1948 – Author and environmentalist, Marc Reisner, is born

1955 – Australian-American Pulitzer Prize-winning journalist and author, Geraldine Brooks, is born

1959 – A Soviet rocket, Luna 2, lands on the moon, becoming the first man-made object sent from earth to reach the moon

1960 – OPEC is formed by Iraq, Iran, Saudi Arabia, and Kuwait

1961 – Namesake and mascot for Wendy’s fast-food restaurants, Wendy Thomas Morse, is born

1964 – Author, John Steinbeck, receives the US Medal of Freedom

1965 – 3rd President of Russia, Dmitry Medvedev, is born

1965 – South Vietnamese forces and several US advisers parachute into the Ben Cat area north of Saigon during the Vietnam War

1966 – A training exercise known as Operation Attleboro, turns into a month-long fight against the Viet Cong during the Vietnam War

1968 – Detroit Tigers pitcher Denny McLain wins his 30th game of the season, becoming the first 30-game winner in the major leagues since 1938

1974 – Bob Marley’s “I Shot the Sheriff” hits the top of the charts

1975 – Mother Elizabeth Ann Seton becomes the first native-born American saint in the Roman Catholic Church

1979 – President of Afghanistan, Nur Muhammad Taraki, is assassinated in a coup in which prime minister Hafizullah Amin seizes power

1982 – President-elect of Lebanon, Bachir Gemayel, is killed during a bomb blast in Beirut, along with 26 others

1982 – Princess Grace of Monaco, also known as actress Grace Kelly, dies from injuries she received when her car fell from a mountain road near Monte Carlo

1983 – Grammy-winning singer and songwriter, Amy Winehouse, is born

1984 – Former USAF fighter pilot during the Vietnam War, Joe Kittinger, becomes the first person to pilot a gas balloon solo across the Atlantic

1985 – Japanese actress and singer, Aya Ueto, is born

1994 – MLB players strike over a salary cap forcing the cancellation of the entire postseason and World Series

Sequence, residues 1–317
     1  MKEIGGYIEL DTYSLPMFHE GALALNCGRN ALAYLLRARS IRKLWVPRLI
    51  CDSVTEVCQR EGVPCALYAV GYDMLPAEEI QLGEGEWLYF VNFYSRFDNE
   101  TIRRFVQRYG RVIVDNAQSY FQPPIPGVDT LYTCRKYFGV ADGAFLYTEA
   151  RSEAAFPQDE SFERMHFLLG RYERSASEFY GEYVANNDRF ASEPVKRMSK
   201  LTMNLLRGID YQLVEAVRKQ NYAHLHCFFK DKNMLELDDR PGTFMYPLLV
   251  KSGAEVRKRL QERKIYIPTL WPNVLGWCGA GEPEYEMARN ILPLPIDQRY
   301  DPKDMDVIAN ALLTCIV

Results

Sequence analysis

1999 – Millions of people evacuate their homes as Hurricane Floyd heads toward them, moving across the Atlantic Ocean. Floyd will go on to kill from the Bahamas to New England, although Cape Fear in North Carolina suffered the most

2007 – Northern Rock Bank suffers the UK’s first bank run in 150 years

 


Written by Crystal McCann

Crystal is the Chief Operating Officer of Lanterns Media Network and the owner of Madisons Media. She lives in Texas with her husband and dogs and is the proud mother of two adult children.


0 Responses

Common Sense Constitutional Conservatives

Our mission is to provide fact-based, educational and useful analyses of today's current issues in an effort to unite Americans, regardless of party, around core principles of conservatism including individual liberty, constitutional originalism, personal responsibility, limited government and free trade and commerce.

Lanterns

We're here to fix the machine.

We are here to fix the machine. The machine is the federal government that has been fundamentally transformed the serve the elite instead of "We The People". Our goal is to engage our fellow Americans on the battlefield of ideas to discover the most ideal way for our nation to be governed to provide the most security with the maximum amount of liberty and freedom for all American citizens. We welcome all people from all walks of life and ideologies to engage with us. Join us on the battlefield of ideas.

Follow us